Avoid Speculating on Niche Formats
Classic/Vintage and Legacy don't have a strong level of interest on MTGO. Hype tends to build for these formats if there are tournaments worth playing for, but otherwise the background level of interest remains too low to fire events consistently. And without events firing consistently, demand for singles stays low. If there is a Magic Online Championship Series (MOCS) tournament or other special events to play for, then interest will be ignited for a short while, but otherwise it's just not going to happen for these formats. If you are curious about these formats and are looking for some discussion about why they have difficulty catching on, head over to Classic Quarter and check out the forums there.
For speculators, this means that these formats don't see a lot of volume when cards are moving. Lower volume means the bots are collecting higher margins. With higher margins, it'll take either more work to use the classifieds in order to buy and sell these cards, or you need really dramatic price swings to make a profit, as you can see from the junk rare analysis above.
Sticking to Standard and Modern means you are working withing a space where there are times of strong demand and a higher volume for singles. This means that any position is generally easy to liquidate and bot margins are smaller. Standard is the most popular constructed format on MTGO, and is generally active all year. Interest in Modern has been building, and is getting official support from WoTC with online PTQs and reprints to keep costs down. As a general rule, both formats should be the speculator's first focus before branching out and looking at other something like Legacy or Pauper.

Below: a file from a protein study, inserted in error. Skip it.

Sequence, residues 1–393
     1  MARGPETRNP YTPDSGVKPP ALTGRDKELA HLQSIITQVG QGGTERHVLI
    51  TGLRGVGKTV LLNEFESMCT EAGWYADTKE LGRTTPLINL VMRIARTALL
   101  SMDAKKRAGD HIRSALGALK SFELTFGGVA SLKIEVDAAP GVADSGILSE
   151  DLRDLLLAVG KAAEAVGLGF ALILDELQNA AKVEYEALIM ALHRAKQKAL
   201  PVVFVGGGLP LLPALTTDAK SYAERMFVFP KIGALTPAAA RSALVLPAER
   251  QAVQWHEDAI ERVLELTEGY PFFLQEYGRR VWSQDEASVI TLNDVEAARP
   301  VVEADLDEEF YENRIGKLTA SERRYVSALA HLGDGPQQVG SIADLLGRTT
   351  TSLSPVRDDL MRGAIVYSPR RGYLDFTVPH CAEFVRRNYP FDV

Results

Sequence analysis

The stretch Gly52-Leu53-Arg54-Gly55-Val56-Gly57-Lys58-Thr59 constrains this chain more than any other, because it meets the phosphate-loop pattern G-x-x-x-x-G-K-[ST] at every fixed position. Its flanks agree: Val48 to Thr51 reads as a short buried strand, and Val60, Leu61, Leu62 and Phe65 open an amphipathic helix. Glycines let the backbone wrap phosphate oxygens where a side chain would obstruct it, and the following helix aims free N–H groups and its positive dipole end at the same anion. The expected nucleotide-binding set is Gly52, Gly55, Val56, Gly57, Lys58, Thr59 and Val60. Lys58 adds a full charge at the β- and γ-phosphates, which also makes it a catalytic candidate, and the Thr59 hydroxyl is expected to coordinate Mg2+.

Think About What Can Go Wrong
During the MED events from late Fall, I bought ten copies of Force of Will at an average price of 83.3 tix. I bought seven of them by posting to the classifieds and scooping up cards from drafters, and the last few I bought from bots. By the end of the first weekend of events, Force of Will sat above 90 tix, and my position was looking good. I had identified an opportunity, bought at the bottom, and could already cash out for a small profit. It looked like the start of a decent trade. I was anticipating that a MOCS event in 2013 would be Legacy and that by that time, the price of Force of Will would have increased enough that I could book some nice profits. After all, Force of Will hit 140+ tix in and around the last Legacy MOCS event. In this case I had sized up all the things that could go right and decided to take the plunge on a high-priced spec.
What was I ignoring in this case? Well, first of all, the MOCS schedule is not announced in advance. There might have been an event last year in the Summer, but maybe this year it would have got pushed back to the Fall. This was quite a few tix to tie up in a position that didn't have a target exit date. By having no definitive timeline, I was exposing myself to more uncertainty and more risk.
But lo and behold, the first MOCS championship turned out to be Legacy! What a stroke of luck! Prices might ramp up considerably in a short while and I would stand to reap a ton of short term profit selling Force of Will to eager Legacy players. Well, the fact that promo Force of Wills were handed out for getting 15 QPs leading up to the Legacy MOCS torpedoed any chance of booking a profit on this position. Lacking a timeline for exiting this position exposed it to some uncertainty, and this was compounded by the reprint of Force of Will.
Reprint risk is something to always keep in mind for older cards. Aside from timing my buys well and approximately hitting the bottom, I took on too much risk in order to speculate on a niche format. WoTC has shown a willingness to reprint cards in novel ways, so sticking to Standard and Modern cuts down on this particular type of risk. If you were ultra vigilant around reprints then you'd speculate on sets currently in or just rotated out of Standard.
Stick to What Works
One great way to avoid losses it to stick to what works. There are a few consistently profitable strategies that should be the bread and butter of every speculator on MTGO. First of all, pay attention to redemption. This MTGO feature drives the most consistent (if somewhat boring) profits from the MTGO economy. This means buying up mythics from sets that have just rotated out of Standard and sitting on them until their prices rise due to demand from redeemers. Although the recent changes to the redemption fee haven't yet become fully understood, this strategy should remain intact.